The book was co-authored by David H Clark, our first Stephen Gray lecturer. You can watch a video of his lecture here.
The above book was reviewed by Mark P. Silverman in American Journal of Physics 71, 507 (2003), https://doi.org/10.1119/1.1561274 (also available at http://www.trincoll.edu/~silverma/reviews_commentary/newtons_tyranny.html, accessed 4 July 2018) and by M. Peck in Journal of Guidance, Control, and Dynamics 27, 734-735 (2004), https://doi.org/10.2514/1.11197.
The following web page contains a useful chronology and data sheet on Stephen Gray:
- “The Galileo Project: Stephen Gray.” Accessed October 21, 2016. http://galileo.rice.edu/Catalog/NewFiles/gray.html.
Here are some additional, quite detailed biographical articles on Stephen Gray:
- “Stephen Gray: The First Copley Medallist.” Nature, February 22, 1936.
- Cohen, I. Bernard. “Neglected Sources for the Life of Stephen Gray (1666 or 1667-1736).” Isis 45, no. 1 (May 1, 1954): 41–50. https://doi.org/10.1086/348285.
- Clark, David H., and Lesley Murdin. “The Enigma of Stephen Gray Astronomer and Scientist (1666–1736).” Vistas in Astronomy 23 (1979): 351–404. https://doi.org/doi:10.1016/0083-6656(79)90018-7.
- Sergio Luiz Bragatto Boss, and Joao Jose Caluzi. “Uma Breve Biografia de Stephen Gray (1666-1736).” Revista Brasileira de Ensino de Fisica 32, no. 1 (2010): 1602.
Jim Al-Khalili produced an excellent series of short, entertaining TV programmes on electricity for the BBC. His re-enactment of the famous Stephen Gray “Flying Boy” experiment is really worth watching:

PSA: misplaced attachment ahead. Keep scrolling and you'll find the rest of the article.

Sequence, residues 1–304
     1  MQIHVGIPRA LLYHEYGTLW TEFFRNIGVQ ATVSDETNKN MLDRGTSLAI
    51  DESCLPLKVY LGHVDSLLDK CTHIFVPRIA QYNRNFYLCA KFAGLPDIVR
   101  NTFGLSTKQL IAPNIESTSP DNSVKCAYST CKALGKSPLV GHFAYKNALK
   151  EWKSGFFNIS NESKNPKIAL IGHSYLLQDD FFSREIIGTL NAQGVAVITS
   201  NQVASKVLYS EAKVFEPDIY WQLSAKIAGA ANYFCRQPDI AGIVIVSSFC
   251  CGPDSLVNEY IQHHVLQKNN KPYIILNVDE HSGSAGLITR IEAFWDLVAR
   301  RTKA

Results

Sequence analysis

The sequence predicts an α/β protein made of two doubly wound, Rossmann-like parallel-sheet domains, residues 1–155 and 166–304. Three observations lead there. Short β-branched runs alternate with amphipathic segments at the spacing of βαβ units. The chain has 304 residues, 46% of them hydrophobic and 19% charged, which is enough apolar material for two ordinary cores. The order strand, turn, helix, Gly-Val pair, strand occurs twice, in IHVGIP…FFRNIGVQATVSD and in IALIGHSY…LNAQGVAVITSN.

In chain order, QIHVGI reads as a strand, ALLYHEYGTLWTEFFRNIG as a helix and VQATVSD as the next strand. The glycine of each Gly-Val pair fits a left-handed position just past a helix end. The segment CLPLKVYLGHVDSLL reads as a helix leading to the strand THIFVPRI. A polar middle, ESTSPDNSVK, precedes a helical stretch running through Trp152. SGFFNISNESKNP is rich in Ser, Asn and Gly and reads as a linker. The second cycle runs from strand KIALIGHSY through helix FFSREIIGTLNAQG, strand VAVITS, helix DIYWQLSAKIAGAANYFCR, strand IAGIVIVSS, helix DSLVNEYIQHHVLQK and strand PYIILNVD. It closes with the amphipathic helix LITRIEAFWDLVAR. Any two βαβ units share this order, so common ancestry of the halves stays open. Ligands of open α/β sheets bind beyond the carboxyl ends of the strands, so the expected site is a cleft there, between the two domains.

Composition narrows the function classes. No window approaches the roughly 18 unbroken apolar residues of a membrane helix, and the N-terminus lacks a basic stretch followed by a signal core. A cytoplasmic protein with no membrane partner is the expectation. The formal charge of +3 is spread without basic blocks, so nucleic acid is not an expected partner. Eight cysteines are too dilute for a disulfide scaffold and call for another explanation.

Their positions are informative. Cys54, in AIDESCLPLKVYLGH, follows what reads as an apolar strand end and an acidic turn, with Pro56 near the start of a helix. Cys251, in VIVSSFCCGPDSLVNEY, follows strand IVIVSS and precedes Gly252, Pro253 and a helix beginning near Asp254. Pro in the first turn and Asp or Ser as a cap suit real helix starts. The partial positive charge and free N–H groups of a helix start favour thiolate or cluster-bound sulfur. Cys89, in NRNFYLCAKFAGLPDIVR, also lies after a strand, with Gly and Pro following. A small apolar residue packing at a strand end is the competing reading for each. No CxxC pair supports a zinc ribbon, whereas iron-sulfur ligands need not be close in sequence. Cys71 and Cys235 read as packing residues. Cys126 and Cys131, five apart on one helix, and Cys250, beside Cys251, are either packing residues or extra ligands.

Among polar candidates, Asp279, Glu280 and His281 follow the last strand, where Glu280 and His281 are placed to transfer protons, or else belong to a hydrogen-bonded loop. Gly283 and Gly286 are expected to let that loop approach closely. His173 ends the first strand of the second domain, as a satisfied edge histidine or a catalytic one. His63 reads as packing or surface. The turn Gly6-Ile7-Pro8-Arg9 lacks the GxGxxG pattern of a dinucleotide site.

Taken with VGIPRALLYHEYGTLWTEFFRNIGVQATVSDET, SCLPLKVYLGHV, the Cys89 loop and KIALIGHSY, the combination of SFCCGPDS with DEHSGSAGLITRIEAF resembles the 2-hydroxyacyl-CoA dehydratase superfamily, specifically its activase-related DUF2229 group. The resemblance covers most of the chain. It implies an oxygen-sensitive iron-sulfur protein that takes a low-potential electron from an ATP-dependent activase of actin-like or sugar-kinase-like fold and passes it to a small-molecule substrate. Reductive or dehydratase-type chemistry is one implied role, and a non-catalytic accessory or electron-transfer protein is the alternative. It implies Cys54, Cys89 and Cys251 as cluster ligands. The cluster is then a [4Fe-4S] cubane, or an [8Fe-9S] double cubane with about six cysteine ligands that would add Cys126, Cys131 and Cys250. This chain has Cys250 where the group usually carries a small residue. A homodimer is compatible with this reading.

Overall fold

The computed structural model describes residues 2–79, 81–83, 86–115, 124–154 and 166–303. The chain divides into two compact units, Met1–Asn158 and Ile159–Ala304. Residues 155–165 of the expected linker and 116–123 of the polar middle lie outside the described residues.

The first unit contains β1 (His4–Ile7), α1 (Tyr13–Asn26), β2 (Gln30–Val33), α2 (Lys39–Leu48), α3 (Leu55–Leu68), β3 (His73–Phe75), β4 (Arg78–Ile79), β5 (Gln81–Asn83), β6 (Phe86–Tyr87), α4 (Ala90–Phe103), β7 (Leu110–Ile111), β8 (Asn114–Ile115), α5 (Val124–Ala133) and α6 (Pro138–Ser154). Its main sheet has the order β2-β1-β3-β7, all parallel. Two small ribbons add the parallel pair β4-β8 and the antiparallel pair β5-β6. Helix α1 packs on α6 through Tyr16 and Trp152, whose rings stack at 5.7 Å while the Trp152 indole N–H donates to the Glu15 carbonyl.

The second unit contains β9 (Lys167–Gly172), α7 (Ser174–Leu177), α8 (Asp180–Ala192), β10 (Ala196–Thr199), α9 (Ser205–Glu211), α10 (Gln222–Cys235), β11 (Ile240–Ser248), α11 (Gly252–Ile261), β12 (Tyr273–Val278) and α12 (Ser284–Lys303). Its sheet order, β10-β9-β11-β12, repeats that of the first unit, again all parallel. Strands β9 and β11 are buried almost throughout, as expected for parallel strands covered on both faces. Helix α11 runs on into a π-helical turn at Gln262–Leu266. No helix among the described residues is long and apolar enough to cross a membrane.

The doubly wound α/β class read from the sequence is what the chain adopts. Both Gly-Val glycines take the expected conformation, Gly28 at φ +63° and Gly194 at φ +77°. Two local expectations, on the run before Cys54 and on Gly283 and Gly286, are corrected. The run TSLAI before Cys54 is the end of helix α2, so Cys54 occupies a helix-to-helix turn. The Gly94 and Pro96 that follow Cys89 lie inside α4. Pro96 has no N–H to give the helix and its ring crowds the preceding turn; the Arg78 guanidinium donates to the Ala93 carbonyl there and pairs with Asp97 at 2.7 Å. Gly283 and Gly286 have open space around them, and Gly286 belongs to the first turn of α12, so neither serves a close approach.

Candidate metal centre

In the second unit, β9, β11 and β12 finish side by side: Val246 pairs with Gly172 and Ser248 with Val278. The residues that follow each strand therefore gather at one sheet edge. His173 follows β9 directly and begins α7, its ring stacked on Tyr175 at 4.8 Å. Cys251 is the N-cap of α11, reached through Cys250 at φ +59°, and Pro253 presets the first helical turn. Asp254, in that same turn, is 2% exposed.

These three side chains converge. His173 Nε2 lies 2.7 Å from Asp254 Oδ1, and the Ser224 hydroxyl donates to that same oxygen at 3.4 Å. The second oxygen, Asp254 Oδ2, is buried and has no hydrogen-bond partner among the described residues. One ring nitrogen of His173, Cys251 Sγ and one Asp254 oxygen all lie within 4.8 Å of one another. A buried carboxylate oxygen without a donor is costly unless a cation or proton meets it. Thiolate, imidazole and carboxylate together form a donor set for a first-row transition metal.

- Jim Al-Khalili, “Stephen Gray’s ‘Hanging Boy’ Experiment” (video), in “Shock and Awe: The Story of Electricity”, British Broadcasting Corporation, https://www.bbc.co.uk/programmes/p00ksnyn (accesed 4 July 2018).
You can read more about the above experiment here:
- “The Flying Boy Experiment Entertained Audiences By Electrifying a Kid.” Accessed March 7, 2017. http://io9.gizmodo.com/the-flying-boy-experiment-entertained-audiences-by-elec-1679627835.
The following articles cover Stephen Gray’s electricity work, particularly his experiments on electrical conduction and insulation, more broadly:
- W. A. Atherton. “Pioneers – 1. Stephen Gray (c. 1666-1736): Discoverer of Electrical Conduction.” Electronics & Wireless World, n.d. http://hccc.org.uk/pioneers-1-grey.pdf
- John Jenkins. “Conduction, Insulation and Electric Current – 1729.” SPARKMUSEUM. Accessed March 10, 2017. http://www.sparkmuseum.com/BOOK_GRAY.HTM.
- “HI 322 at NCSU: Electrical Experiments.” Accessed February 1, 2017. http://www4.ncsu.edu/~kimler/hi322/electric.html.
Here is an interesting proposition to use Stephen Gray’s conduction experiments for project-based teaching:
- Andreas Henke and Dietmar Höttecke, “Stephen Gray – Electrical Conduction on the Wrong Track – Hipstwiki.” History and Philosophy in Science Teaching. Accessed January 17, 2017. http://hipstwiki.wikifoundry.com/page/Stephen+Gray+-+Electrical+Conduction+on+the+wrong+track.
Granville Wheler and Otterden Place:
Otterden Place was the stately home of Gray’s collaborator, Granville Wheler, where the historic experiments on electrical conduction were carried out. The following page describes the place (with only a brief mention of the historic experiments):
- “Otterden Place, Kent & Ledston Hall, Yorkshire.” Handed On (blog), October 4, 2012. Accessed March 28, 2017. https://handedon.wordpress.com/2012/10/04/otterden-place-kent-ledston-hall-yorkshire/.
The following post focuses more specifically on the significance of the site for the history of science. It was written by Charlotte Sleigh, who is the Director of Kent’s Centre for the History of the Sciences, following a visit to the site on the occasion of the first Stephen Gray Lecture:
- Sleigh, Charlotte. “Otterden Place, Faversham, Kent.” The British Society for the History of Science (BSHS) (blog). Accessed July 25, 2017. http://www.bshs.org.uk/otterden-place-faversham-kent.